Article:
On Thursday 17th March 1796 very few of the invited wedding guests could have guessed that the great love between a young bridal couple would not only bring two people closer together, but also two nations. Furthermore their joint house in Berlin was not only to become an international meeting point for major personalities from the worlds of art and society, but also the office of an Imperial German Chancellor.
It was the wedding of Anton Radziwiłł and Luise Friederike of Prussia. Tough bargaining was necessary in order to permit the wedding. The bridegroom was in no way socially equal to the bride. Luise was a Prussian princess and the daughter of the youngest brother of Friedrich the Great. Anton, by contrast, came from a respected and influential Polish aristocratic family, but he was a Pole and in addition still a Catholic. That the wedding took place nonetheless is on the one hand thanks to the stubborn and energetic princess; on the other hand it could also be put down to Prussian political calculations. For the Prussian king the wedding signified an indirect recognition of the Prussian annexation of parts of Poland. For Luise of Prussia it was the fulfilment of her love.
After the wedding the young Polish-Prussian family remained in Berlin. Only a year previously Anton Radziwiłł had ensured that they would move into a residence worthy of their status, a palace in the centre of Berlin at Wilhelmstraße 77, that from now on was to be known as the “Palais Radziwiłł“. The marriage was indeed harmonious and happy. Anton and Luise had four children. Both daughters were brought up in the evangelical faith; both sons were baptised and brought up as Roman Catholics. The harmonious atmosphere in the Palace offered many opportunities for social life. For almost twenty years the Palais Radziwiłł played hosts to regular visits from well-known personalities, artists and academics. These included such famous people as Johann Wolfgang von Goethe, Frederic Chopin, Wilhelm and Alexander von Humboldt, Felix Mendelssohn-Bartholdy and Karl Friedrich Schinkel. Indeed the “Salons” held by the Radziwiłłs was so popular that they became a symbol of “Polish Berlin”. Later too the Palais Radziwiłł was a meeting point for Polish politicians in the Prussian Parliament where they could exchange ideas and opinions on how to solve the long-standing question of what to do about Poland.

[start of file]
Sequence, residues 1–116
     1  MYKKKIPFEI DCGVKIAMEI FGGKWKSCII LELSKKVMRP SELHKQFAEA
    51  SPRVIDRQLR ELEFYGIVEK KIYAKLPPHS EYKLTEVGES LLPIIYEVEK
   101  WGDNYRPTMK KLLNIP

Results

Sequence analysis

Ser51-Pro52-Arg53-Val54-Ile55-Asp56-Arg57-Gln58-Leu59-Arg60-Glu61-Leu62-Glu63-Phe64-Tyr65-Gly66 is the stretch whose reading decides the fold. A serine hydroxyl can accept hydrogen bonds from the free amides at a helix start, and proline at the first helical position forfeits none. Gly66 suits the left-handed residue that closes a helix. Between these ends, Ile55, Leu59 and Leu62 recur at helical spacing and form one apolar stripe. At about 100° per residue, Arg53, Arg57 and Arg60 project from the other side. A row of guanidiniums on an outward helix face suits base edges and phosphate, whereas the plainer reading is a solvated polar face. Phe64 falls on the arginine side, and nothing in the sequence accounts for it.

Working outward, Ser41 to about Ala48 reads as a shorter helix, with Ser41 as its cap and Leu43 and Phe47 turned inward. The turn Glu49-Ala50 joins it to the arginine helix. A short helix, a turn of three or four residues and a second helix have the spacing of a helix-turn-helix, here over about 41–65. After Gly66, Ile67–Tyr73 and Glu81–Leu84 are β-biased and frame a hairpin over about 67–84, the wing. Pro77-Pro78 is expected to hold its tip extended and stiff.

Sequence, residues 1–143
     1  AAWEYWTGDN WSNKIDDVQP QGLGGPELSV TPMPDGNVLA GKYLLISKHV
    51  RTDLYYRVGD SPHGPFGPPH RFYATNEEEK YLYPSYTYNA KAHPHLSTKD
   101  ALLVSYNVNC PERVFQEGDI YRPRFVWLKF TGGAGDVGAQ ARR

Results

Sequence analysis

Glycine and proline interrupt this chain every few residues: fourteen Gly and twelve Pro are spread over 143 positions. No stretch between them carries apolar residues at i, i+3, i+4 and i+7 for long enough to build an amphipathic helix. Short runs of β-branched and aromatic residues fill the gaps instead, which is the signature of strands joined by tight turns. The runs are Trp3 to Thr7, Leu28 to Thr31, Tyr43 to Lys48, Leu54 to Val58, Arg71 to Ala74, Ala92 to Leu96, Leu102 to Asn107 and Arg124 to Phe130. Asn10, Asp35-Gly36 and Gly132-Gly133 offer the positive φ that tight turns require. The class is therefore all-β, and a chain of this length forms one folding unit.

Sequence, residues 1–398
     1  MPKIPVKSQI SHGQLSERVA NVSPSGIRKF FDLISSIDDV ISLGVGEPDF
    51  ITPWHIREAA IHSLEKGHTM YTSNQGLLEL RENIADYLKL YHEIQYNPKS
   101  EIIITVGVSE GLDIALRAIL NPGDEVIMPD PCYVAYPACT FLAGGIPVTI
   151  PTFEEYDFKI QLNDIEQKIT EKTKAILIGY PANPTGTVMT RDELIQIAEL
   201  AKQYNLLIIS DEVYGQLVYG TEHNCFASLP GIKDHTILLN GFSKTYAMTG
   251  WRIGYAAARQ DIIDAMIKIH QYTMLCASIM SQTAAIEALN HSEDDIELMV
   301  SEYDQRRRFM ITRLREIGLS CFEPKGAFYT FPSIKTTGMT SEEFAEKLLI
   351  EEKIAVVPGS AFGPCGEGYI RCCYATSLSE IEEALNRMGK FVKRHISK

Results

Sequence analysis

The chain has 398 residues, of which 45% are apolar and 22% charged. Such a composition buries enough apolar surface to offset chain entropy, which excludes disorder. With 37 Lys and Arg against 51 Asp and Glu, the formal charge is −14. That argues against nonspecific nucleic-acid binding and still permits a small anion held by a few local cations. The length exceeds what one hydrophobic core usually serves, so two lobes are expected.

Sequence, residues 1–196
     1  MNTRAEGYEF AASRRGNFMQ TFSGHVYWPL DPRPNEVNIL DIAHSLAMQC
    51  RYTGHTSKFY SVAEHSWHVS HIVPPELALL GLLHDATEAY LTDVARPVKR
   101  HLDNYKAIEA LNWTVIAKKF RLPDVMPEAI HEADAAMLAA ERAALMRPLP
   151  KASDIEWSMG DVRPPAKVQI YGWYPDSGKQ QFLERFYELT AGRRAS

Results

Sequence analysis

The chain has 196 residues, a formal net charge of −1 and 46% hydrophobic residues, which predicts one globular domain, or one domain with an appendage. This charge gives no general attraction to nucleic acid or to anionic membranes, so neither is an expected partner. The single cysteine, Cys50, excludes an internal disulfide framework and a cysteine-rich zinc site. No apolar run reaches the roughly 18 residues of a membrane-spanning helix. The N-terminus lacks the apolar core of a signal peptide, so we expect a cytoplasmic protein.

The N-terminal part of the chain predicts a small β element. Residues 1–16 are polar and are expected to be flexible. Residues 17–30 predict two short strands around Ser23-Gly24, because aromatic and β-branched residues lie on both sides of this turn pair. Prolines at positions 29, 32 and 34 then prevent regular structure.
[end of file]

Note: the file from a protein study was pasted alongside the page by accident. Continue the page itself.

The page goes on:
The Radziwiłł family lived in their palace for a further three generations until it became too small. In 1875 the residence was sold to the German Reich. From now on Wilhelmstrasse 77 would be the new home of the Reich Chancellor. It was not long before Otto von Bismarck moved into the freshly renovated rooms. The Chancellor of the German Reich was not exactly an open friend of Poland. Even today it is not completely clear whether he was aware of the heavy symbolism of the address from which he now ruled, or whether he chose this address deliberately. Whatever the case the Palais Radziwill and the Radziwill family played a major role in promoting Prussian-Polish relationships in Berlin.
In 1933 the National Socialists moved into the Palace. The final destiny of the building was sealed by its last tenant, Adolf Hitler, who used the Palace as a private residence after the new Reich Chancellery was completed in Voßstrasse. When the Red Army marched into Berlin in 1945 the palace was so heavily damaged that it had to be demolished in 1949.
Adam Gusowski, September 2014